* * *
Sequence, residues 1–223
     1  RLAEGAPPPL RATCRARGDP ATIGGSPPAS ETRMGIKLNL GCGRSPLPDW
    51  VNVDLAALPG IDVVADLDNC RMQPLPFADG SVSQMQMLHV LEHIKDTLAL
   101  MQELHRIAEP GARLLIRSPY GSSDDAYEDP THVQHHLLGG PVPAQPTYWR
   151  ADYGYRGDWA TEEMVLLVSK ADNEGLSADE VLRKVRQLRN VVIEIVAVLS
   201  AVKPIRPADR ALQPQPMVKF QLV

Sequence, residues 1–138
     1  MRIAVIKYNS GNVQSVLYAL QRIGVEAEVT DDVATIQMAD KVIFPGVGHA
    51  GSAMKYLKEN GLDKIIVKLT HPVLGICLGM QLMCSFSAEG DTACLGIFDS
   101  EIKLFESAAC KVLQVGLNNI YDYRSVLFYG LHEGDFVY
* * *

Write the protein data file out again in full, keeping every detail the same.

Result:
Sequence, residues 1–223
     1  RLAEGAPPPL RATCRARGDP ATIGGSPPAS ETRMGIKLNL GCGRSPLPDW
    51  VNVDLAALPG IDVVADLDNC RMQPLPFADG SVSQMQMLHV LEHIKDTLAL
   101  MQELHRIAEP GARLLIRSPY GSSDDAYEDP THVQHHLLGG PVPAQPTYWR
   151  ADYGYRGDWA TEEMVLLVSK ADNEGLSADE VLRKVRQLRN VVIEIVAVLS
   201  AVKPIRPADR ALQPQPMVKF QLV

Sequence, residues 1–138
     1  MRIAVIKYNS GNVQSVLYAL QRIGVEAEVT DDVATIQMAD KVIFPGVGHA
    51  GSAMKYLKEN GLDKIIVKLT HPVLGICLGM QLMCSFSAEG DTACLGIFDS
   101  EIKLFESAAC KVLQVGLNNI YDYRSVLFYG LHEGDFVY